Beyond the Incident: Preventing Bullying

Presenter: Stuart Green, DMH, LCSW
View this webinar here.

Dr. Green addressed that childhood bullying primarily occurs in institutional settings and is more than a matter of properly addressing incidents when they occur. He spoke of how to proactively create change and provide adequate adult and peer support for positive feedback and how success is – or ought to be – a basic educational responsibility.


  1. KelleyT says:

    How do you differentiate between bullying and the average, non-thinking child’s reaction to another child?

    • Dr. Green says:

      When behavior is bullying, it is characterized by an imbalance of power between the child or children being hurt and those hurting him/her/them, by an intention to harm the bullied child, and by repetition over time (pattern of negative acts). Therefore, it becomes possible to distinguish between, say, playful teasing and bullying. If the behavior is ‘only teasing’ or play, (1) it is not usually or (more typically) always one child who is the target, (2) when a child is hurt (e.g., cries, is injured, etc.), the other children are regretful/remorseful (because the play has been interrupted, and the object was the play, not the harm), and (3) it is not something that occurs only one time. (This is not to say that there cannot be one incident of bullying, but if it is one incident only it is quite uncommon, and it is a very significant, egregious, very hurtful and very toxic (in terms of the lasting effect it has on the targeted child’s social environment).
      – Stuart Green, 12/1/11

  2. KelleyT says:

    What is the success of past/current zero tolerance approaches, while addressing the current social and political environment that that adults engage in that seems to allow and condone bullying?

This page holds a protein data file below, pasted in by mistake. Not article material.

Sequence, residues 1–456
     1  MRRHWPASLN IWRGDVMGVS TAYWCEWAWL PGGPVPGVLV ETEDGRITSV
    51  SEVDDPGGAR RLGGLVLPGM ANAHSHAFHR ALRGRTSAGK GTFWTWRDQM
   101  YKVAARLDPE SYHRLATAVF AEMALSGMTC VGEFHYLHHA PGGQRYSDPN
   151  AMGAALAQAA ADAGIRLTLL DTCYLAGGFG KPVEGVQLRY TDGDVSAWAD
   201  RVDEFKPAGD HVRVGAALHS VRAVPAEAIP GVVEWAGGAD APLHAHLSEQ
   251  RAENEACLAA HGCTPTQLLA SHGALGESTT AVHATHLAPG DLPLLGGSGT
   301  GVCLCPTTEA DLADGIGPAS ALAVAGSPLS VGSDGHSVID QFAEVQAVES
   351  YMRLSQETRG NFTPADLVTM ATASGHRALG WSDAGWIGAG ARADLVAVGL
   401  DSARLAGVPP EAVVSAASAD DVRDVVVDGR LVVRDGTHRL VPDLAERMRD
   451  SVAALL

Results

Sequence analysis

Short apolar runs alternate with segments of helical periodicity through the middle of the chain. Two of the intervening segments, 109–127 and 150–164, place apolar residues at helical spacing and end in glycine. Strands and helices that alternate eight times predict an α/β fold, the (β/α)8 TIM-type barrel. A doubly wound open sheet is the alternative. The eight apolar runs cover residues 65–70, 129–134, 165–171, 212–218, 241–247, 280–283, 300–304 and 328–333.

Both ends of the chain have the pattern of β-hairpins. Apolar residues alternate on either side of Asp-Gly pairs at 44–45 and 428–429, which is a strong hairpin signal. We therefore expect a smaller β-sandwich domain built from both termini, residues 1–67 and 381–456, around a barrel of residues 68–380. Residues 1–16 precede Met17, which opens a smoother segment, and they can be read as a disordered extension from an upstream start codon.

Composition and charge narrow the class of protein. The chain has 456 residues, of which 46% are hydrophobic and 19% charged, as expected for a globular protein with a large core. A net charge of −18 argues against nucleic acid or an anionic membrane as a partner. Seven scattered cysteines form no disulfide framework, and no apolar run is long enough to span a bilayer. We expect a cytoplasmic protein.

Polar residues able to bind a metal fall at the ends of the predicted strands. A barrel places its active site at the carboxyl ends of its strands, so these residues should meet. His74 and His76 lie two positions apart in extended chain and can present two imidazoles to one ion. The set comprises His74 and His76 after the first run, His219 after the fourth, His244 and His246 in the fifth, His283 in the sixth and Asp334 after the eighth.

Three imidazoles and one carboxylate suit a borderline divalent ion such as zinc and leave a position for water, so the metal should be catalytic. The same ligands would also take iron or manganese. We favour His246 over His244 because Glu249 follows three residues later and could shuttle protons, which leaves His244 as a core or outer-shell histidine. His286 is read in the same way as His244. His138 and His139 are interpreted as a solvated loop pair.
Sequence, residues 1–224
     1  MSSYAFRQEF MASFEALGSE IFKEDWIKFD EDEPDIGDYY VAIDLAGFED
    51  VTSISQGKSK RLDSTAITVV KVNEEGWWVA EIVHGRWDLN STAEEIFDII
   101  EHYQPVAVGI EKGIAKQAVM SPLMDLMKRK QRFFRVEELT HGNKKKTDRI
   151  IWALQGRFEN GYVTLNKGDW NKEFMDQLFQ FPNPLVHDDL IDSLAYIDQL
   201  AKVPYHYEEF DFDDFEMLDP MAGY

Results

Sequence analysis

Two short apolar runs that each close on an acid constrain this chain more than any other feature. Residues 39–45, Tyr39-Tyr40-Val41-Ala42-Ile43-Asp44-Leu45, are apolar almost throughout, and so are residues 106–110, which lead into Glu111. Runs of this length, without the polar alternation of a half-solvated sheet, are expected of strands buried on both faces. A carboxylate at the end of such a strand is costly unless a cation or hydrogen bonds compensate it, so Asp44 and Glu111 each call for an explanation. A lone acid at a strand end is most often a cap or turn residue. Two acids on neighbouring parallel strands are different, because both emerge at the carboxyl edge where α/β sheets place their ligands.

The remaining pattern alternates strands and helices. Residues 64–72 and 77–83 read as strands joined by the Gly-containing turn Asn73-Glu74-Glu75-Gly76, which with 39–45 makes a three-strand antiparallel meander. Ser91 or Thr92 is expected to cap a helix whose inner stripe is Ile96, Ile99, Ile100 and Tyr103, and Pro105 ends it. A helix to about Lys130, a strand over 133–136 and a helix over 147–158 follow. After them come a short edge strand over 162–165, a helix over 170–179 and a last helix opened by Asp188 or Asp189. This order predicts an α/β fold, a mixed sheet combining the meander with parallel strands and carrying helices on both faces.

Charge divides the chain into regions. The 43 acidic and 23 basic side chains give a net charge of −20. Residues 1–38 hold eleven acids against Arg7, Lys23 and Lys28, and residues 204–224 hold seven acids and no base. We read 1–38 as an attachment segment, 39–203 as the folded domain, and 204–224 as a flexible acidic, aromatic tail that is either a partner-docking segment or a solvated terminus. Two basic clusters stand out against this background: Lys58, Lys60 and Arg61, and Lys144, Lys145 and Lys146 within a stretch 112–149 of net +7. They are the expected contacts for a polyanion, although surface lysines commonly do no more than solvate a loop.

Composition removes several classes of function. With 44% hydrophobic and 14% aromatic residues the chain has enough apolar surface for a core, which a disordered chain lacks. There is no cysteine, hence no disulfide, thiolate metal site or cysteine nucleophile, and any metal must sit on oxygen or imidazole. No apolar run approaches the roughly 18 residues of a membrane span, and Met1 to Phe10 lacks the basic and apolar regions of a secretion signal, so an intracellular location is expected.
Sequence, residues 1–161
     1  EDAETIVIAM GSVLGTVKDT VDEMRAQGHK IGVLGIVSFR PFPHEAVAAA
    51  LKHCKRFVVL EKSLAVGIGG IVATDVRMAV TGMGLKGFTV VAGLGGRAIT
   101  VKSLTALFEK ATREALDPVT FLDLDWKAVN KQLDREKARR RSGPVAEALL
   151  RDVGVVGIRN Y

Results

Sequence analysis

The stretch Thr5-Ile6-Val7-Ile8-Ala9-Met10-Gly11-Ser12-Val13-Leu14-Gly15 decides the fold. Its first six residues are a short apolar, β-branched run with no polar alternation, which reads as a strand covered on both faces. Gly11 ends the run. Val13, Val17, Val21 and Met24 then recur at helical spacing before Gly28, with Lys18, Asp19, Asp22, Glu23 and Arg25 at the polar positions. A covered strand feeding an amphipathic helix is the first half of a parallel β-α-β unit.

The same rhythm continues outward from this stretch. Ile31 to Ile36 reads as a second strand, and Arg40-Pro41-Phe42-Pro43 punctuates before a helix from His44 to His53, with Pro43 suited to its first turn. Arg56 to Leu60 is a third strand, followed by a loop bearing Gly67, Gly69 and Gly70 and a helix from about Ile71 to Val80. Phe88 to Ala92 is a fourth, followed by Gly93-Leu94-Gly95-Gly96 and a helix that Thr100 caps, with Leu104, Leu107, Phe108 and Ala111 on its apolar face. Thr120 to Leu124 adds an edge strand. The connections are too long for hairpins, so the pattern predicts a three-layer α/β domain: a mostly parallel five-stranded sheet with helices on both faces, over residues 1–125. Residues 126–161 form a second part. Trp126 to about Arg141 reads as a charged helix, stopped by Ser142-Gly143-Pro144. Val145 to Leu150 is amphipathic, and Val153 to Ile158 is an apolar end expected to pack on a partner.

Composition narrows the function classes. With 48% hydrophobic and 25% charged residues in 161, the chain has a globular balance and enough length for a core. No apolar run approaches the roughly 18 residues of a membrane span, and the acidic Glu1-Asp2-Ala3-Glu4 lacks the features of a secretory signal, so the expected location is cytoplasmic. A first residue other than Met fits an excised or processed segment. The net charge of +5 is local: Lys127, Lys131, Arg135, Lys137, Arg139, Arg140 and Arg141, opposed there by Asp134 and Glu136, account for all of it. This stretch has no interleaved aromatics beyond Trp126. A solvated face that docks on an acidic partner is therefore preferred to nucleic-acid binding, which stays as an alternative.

• Dr. Green says:

      Zero tolerance approaches/policies do not work, in the sense that not only does the implementation of zero tolerance not improve any aspect of school culture and climate, or prevent and effectively address bullying, but zero tolerance approaches/policies are harmful, as studies of zero tolerance practices, including a thorough American Psychological Association review of a few years ago, indicate. It is logical that this would be so, since zero tolerance approaches are characterized by the overly automatic (non-nuanced, not developmentally adjusted, not community/stakeholder reflective, not thoughtful) imposition of overly harsh (ditto critiques, heavily focused on suspension and expulsion and nothing else) and punitive (the social equivalent of hitting a child, as opposed to withdrawal of privileges or other effective disciplinary means, including lack of any reflective process on the part of the child who hurt another child – a critical component of any reasonable and effective disciplinary process) penalties. Worst of all, evidence indicates that the automatic, harsh and punitive penalties which characterize zero tolerance are imposed only on those children out of favor with the authorities, including minorities of color.
      -Stuart Green, 12/1/11

    • Dr. Green says: